After 17 days of use I can easily say that Oboz's claim that they are running shoes first is accurate. I have never run in a pair that handles differing terrain so well and feels as good on my feet.  I just can not recommend them for casual hiking at this point.
Bootie tells the tale:
One of the features that caught my interest was the integral bootie construction of the Ignitions. This means that the shoes fit more like a sock rather than like regular shoes with a tongue and gusset construction.  I have narrow feet and they are easy to get into the Ignitions, but the bootie construction holds the shoes firmly in place, even without the laces.  On at least three occasions I have forgotten to double knot the laces on the Ignitions and the laces have come untied during a run. Other than being agitated by the laces striking my shoes, I was able to complete over two miles of running with one shoe unlaced.  The bootie construction was tight enough to keep the shoe in place and comfortable even when I was running at a quick pace. I have since learned to tie the laces correctly every time, but it was great to find out that I could keep on moving even without the laces to hold the shoe in place.

One of my concerns about the construction and design of the Ignitions was how low cut the shoe was. The low cut area around the ankle made me a bit leery of small debris on the trail, but after all the different types of soil  and terrain I have run on I have had no issues.  I really do attribute this lack of debris to the tight fit of the bootie design. Despite being low cut and very inviting to small debris, I have never finished a run with anything other than my feet and sweat in these shoes.

Final thoughts:
I have tried several different types of socks with the Ignitions. Cotton crew length, cotton ankle socks, and synthetic crew length socks were all used with the Ignitions. I really felt that the ankle socks were going to be the best, they actually look the most 'normal' with the Ignition's low cut and profile but one bad encounter convinced me that a taller sock was better.

I had been on the trail for about 20 minutes when the back of one of the ankle socks slipped down below the back of the Ignition. By the type the run was over I had a large blister from the back of the shoe rubbing my heal.  This is not a shoe problem, but just a lesson I learned about wearing taller socks.  Right now I am sold on synthetic socks because I have several light weight pairs that work great with these shoes.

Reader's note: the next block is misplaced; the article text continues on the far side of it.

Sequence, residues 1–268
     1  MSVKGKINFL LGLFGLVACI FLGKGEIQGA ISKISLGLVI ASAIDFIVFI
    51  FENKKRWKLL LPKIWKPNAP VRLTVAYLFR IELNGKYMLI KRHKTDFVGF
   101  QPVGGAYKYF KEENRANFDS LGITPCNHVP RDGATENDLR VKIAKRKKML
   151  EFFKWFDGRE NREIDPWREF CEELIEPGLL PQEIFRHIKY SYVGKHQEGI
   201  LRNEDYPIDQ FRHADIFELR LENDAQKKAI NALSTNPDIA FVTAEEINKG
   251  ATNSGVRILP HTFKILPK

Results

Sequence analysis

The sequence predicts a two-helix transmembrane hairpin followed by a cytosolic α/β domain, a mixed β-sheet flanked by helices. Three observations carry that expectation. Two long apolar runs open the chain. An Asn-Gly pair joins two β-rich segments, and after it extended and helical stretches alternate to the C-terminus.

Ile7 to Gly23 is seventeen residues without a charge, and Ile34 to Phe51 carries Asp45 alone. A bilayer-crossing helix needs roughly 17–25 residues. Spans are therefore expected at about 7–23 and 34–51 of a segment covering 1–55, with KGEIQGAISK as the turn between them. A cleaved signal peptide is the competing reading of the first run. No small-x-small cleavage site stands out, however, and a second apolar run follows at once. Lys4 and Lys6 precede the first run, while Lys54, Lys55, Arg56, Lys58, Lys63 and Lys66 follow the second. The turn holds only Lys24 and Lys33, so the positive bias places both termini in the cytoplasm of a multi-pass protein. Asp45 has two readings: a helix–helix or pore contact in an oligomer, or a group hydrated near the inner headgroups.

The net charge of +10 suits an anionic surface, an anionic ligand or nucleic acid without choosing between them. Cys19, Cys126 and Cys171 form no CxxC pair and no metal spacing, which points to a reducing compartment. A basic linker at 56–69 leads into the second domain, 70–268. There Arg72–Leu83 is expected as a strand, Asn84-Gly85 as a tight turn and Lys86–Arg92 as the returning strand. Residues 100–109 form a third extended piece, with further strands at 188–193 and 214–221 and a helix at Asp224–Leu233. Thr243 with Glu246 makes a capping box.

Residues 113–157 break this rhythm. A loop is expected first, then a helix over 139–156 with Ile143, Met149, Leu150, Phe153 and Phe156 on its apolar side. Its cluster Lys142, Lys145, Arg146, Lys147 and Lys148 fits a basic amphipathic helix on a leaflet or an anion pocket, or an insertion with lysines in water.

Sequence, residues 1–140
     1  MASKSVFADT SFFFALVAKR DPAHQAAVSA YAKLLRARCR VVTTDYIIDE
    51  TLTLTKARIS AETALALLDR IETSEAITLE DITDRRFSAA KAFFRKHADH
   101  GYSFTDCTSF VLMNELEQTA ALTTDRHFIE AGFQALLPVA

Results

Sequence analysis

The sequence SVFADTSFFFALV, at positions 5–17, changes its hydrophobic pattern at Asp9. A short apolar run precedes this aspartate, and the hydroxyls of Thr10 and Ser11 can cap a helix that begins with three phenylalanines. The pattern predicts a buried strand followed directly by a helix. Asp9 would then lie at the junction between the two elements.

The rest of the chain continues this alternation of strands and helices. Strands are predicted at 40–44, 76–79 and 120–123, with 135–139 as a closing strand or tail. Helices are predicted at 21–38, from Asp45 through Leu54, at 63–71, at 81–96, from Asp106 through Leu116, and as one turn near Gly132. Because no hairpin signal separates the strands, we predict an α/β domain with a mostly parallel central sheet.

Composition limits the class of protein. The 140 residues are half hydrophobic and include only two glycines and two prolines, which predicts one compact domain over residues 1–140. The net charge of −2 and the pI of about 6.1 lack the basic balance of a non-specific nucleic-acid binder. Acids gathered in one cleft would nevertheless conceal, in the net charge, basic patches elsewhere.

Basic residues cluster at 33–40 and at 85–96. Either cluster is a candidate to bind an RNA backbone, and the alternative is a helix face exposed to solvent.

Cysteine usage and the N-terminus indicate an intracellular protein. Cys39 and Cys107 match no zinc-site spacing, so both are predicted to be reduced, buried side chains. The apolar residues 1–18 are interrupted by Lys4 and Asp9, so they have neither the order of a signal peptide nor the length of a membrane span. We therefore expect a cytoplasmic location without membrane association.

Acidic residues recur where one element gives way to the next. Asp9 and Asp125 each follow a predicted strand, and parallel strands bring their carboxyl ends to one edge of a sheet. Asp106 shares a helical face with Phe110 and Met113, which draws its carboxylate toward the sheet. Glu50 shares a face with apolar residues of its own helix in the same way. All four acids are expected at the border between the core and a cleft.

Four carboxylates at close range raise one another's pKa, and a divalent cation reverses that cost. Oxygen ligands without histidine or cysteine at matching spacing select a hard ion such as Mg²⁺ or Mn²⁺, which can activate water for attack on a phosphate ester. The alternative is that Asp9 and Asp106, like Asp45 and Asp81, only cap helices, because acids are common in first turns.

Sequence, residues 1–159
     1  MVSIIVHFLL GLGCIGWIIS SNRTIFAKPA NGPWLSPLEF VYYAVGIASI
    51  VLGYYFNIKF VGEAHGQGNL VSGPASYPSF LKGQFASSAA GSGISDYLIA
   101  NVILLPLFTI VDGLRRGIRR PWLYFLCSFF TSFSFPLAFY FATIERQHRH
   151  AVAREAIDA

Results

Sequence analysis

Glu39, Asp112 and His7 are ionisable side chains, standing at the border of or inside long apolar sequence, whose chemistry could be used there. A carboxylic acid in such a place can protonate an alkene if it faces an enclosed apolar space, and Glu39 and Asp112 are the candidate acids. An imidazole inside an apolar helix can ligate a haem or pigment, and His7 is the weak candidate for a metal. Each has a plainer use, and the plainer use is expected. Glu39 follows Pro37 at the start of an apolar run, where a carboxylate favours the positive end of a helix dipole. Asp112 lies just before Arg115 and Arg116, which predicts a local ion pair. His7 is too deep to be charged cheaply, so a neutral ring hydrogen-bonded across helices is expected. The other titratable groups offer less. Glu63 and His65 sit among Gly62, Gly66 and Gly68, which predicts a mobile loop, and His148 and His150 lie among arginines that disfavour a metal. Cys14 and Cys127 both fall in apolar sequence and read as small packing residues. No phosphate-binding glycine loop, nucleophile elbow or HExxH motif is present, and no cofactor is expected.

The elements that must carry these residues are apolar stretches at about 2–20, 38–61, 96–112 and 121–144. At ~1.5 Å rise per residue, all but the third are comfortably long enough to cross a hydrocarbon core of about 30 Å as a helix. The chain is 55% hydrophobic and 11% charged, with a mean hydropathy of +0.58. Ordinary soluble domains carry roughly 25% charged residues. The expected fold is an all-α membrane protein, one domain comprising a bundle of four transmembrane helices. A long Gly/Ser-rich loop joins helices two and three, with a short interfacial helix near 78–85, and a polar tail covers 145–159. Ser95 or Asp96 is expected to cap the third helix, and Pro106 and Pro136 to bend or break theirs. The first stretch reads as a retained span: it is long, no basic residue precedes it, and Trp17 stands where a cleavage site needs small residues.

As far as odors go the Ignitions seem pretty resistant to anything permanent. I air them out after every run and they have yet to develop any lingering odors.  If they do, I plan on pulling out the insoles and allowing them to air separately from the shoes.

Wrapping it up:
I really enjoy the Oboz Ignition for trail running. They are so light that I do not even feel them on my feet, but they are well constructed and make running over different types of terrain easy. While I may not be overly thrilled about them as casual hiking shoes, I can say that Oboz does make it clear that they are running shoes first and foremost.

I have recently (last two weeks) slipped some after market insoles into the Ignitions. Not only do they fit fine and do not fill the shoe up to the point where there is no room for feet, but they have helped eliminate the sore feet that I was getting after running in the Ignitions. This makes me really happy because these shoes feel great when running and not having to deal with sore feet the day after has made wearing them even more fun.    

Things I like:
Bootie construction
Light weight
Cool color scheme

Things I do not like:
Not comfortable for regular hiking

Long Term Report
January 6, 2009

Jones State Forest
Other locations in Southeast Texas

Temperatures from 32 - 70 F (0 - 21 C). 
The terrain has been hard packed dirt roads/trails, grass, leaves, sand, concrete, and asphalt

ˇTrail running  (10 days): 30 miles (48 km)
ˇStreet running (8 days): 24 miles (39 km)
ˇBackpacking (4 days): 16  miles (26 km)

Putting on the miles:
The first thing I want to throw out is how much happier I am with the Ignitions since I put my own insoles in them.  I went far too long with the stock insoles and probably would have enjoyed them a lot more if I made the change sooner.  I still suffer from the amount of running that I have been doing, but at least the problem of sore arches is gone.  I do not consider this a design flaw in the shoes, but a design flaw in my flat feet. 

One thing that the after market insoles have done for these shoes is to make them much more comfortable for regular hiking and when needed, daily wear.  The original feeling that the shoes some how slanted downwards from the toe box toward the heel is gone after I put the after market insoles in.  This has made them much more comfortable for hiking and backpacking.